Don't miss a moment from Paris-Roubaix and Unbound Gravel, to the Giro d’Italia, Tour de France, Vuelta a España, and everything in between when you join Outside+.
The UCI has published its tome on maintaining health and safety through the restarted season, but for some, it’s not enough.
Trek-Segafredo, home of the likes of Vincenzo Nibali, Lizzie Deignan, Elisa Longo Borghini, and U.S. national champion Ruth Winder, has implemented a range of its own additional measures to keep coronavirus at bay atop of the governing body’s measures, which team doctors fear has its weaknesses.
“I believe that the UCI has chosen a complicated way to ensure risk prevention,” said team head physician Dr. Gaetano Daniele.
The UCI’s guidelines impose a number of measures upon teams, from the creation of segregated rider-staff “bubbles” to the need to clear two pre-race screenings for COVID-19 before racing. Rider unions and team staffers have warned that the criteria impose significant logistical and financial burdens on teams and could see them scrambling to send squads to race through the packed August-October calendar.
Daniele highlights the choice of local rather than centrally-managed testing as a source of concern.
“The swab tests … will sometimes require an extreme, exaggerated effort to ensure compliance,” he said. “We all agree that these are necessary. However, the choice to not set up a single structure able to cover the testing for all teams just before the races and to entrust that to private and public local health facilities, with restrictions on access and operation, is not optimal in my opinion.”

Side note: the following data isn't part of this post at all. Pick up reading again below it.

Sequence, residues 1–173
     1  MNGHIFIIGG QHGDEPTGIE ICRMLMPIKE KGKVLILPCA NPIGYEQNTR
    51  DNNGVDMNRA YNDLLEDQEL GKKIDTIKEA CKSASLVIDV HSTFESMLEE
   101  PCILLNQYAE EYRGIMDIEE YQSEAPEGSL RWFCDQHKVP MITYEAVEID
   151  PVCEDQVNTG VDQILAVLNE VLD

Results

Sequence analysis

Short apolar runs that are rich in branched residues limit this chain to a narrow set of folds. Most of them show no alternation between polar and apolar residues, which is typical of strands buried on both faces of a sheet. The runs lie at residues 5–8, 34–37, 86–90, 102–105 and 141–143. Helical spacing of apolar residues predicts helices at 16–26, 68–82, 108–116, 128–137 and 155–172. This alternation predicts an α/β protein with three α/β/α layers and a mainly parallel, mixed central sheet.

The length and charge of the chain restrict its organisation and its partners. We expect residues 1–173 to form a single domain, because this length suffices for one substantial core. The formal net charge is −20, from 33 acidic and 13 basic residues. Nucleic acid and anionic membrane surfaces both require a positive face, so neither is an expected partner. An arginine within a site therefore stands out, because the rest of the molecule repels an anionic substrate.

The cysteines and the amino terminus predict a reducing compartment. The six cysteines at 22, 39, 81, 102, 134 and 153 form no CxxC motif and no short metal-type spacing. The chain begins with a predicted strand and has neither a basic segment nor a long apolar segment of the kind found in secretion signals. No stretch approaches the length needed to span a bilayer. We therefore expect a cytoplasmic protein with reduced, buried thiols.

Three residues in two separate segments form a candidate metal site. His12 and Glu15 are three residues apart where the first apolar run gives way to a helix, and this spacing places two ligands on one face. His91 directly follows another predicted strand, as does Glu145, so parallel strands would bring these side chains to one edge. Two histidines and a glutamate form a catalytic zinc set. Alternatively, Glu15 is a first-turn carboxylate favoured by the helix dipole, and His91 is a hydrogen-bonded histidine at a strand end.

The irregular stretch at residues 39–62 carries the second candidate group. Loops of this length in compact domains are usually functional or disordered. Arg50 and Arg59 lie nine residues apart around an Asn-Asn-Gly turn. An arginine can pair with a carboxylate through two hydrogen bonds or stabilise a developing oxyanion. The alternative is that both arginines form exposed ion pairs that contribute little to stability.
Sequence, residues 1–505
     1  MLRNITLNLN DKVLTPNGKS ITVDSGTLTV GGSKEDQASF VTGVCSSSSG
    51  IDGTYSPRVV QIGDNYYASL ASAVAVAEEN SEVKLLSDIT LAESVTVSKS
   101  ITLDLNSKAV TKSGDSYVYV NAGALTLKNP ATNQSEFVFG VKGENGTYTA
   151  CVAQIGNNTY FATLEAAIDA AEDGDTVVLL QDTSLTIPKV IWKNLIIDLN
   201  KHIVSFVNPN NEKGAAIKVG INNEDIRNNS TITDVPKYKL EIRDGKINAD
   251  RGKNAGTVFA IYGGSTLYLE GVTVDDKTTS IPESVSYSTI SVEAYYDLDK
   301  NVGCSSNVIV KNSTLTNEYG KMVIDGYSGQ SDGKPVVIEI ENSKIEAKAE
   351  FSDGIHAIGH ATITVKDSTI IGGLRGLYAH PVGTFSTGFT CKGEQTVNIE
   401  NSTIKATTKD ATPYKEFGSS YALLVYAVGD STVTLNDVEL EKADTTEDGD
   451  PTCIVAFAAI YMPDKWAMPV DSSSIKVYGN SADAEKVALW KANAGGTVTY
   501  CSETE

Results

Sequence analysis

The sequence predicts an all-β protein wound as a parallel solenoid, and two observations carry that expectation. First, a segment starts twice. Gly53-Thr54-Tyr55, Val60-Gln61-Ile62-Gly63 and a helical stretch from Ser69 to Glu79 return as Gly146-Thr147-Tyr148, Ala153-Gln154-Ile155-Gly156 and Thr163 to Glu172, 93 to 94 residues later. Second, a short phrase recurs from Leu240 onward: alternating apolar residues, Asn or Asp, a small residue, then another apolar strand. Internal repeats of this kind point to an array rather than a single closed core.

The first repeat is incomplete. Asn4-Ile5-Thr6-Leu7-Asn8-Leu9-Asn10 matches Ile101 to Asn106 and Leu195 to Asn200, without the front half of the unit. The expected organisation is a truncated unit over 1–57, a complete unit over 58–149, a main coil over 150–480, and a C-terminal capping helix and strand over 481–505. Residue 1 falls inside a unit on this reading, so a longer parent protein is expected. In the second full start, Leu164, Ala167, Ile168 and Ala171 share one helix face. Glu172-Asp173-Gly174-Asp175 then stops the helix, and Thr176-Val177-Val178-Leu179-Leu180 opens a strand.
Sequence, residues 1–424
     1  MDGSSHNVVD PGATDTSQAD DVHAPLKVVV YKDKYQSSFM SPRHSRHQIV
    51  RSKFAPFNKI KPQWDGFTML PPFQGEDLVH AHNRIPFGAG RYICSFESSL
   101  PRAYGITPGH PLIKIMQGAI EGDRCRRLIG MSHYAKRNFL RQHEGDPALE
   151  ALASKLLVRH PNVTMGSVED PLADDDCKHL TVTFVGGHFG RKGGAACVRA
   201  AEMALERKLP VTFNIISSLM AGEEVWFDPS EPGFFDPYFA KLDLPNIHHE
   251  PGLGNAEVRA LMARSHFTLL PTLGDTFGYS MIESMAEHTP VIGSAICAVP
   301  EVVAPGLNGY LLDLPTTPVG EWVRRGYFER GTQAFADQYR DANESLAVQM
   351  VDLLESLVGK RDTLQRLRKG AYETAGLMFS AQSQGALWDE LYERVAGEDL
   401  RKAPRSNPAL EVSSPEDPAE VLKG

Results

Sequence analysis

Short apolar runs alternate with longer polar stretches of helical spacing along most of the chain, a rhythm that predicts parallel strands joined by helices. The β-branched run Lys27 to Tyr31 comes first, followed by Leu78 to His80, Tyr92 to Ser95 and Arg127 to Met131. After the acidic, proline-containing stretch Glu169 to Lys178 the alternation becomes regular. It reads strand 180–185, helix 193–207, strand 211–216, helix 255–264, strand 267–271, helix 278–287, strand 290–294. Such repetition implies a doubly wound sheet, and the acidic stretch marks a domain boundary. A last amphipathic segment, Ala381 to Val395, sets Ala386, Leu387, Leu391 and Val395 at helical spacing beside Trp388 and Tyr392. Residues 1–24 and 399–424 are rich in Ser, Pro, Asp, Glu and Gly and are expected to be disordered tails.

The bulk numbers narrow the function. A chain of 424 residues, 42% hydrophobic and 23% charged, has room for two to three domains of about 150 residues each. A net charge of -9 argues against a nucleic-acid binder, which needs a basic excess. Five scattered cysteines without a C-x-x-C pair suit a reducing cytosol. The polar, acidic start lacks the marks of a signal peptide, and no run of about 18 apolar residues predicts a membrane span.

Just this week, three teams were forced to sit out the Emakumeen Nafarroako Klasikoa due to the late completion of COVID tests administered by local universities. Trek-Segafredo entered their team as planned, netting top-1o finishes with Deignan and Longo Borghini.
Trek-Segafredo and Daniele’s medical team has installed a range of its own additional measures atop of the UCI’s protocol in the bid to protect its riders. Needless to say, the go-to measures of social distancing and hand hygiene have become a mantra.
“Since the season was put on hold in March, it has been an arduous process to define a protection protocol to minimize the risks of infection and race with as much serenity as possible,” Daniele said.
“We have given everyone a refillable sanitizer spray and two washable masks, created by Santini, as well as having sanitizer dispensers in every vehicle,” he continued. “We have eliminated the ‘food room’ for riders’ snacks at the end of the races, which was normally in the room of a soigneur. We have imposed daily sanitization of all vehicles and limited access to the bus to a limited number of people.”
The withdrawal of teams from Thursday’s Spanish race amid wider fears of sub-par safety measures at the event served as a stark warning that combating COVID is something that teams and administrators are not taking lightly. Daniele is aware that while the whole peloton is united in wanting to safely return to racing after four months of pause, managing the task amid the whirlwind of a full-gas season is another matter.
“For our part, as Trek-Segafredo, we are satisfied and confident in our actions,” he said. “The hope is that the same will happen in every facet of the sport.”
“Although in many countries the COVID-19 emergency has been reduced in size, the virus has not disappeared. We must all be aware of this and act together. If every component – teams, UCI, and organizers – do their part, we will have the conditions to finish the season smoothly.
“The rules have been written, the protocols drawn up, now comes the most difficult part: putting them into practice.”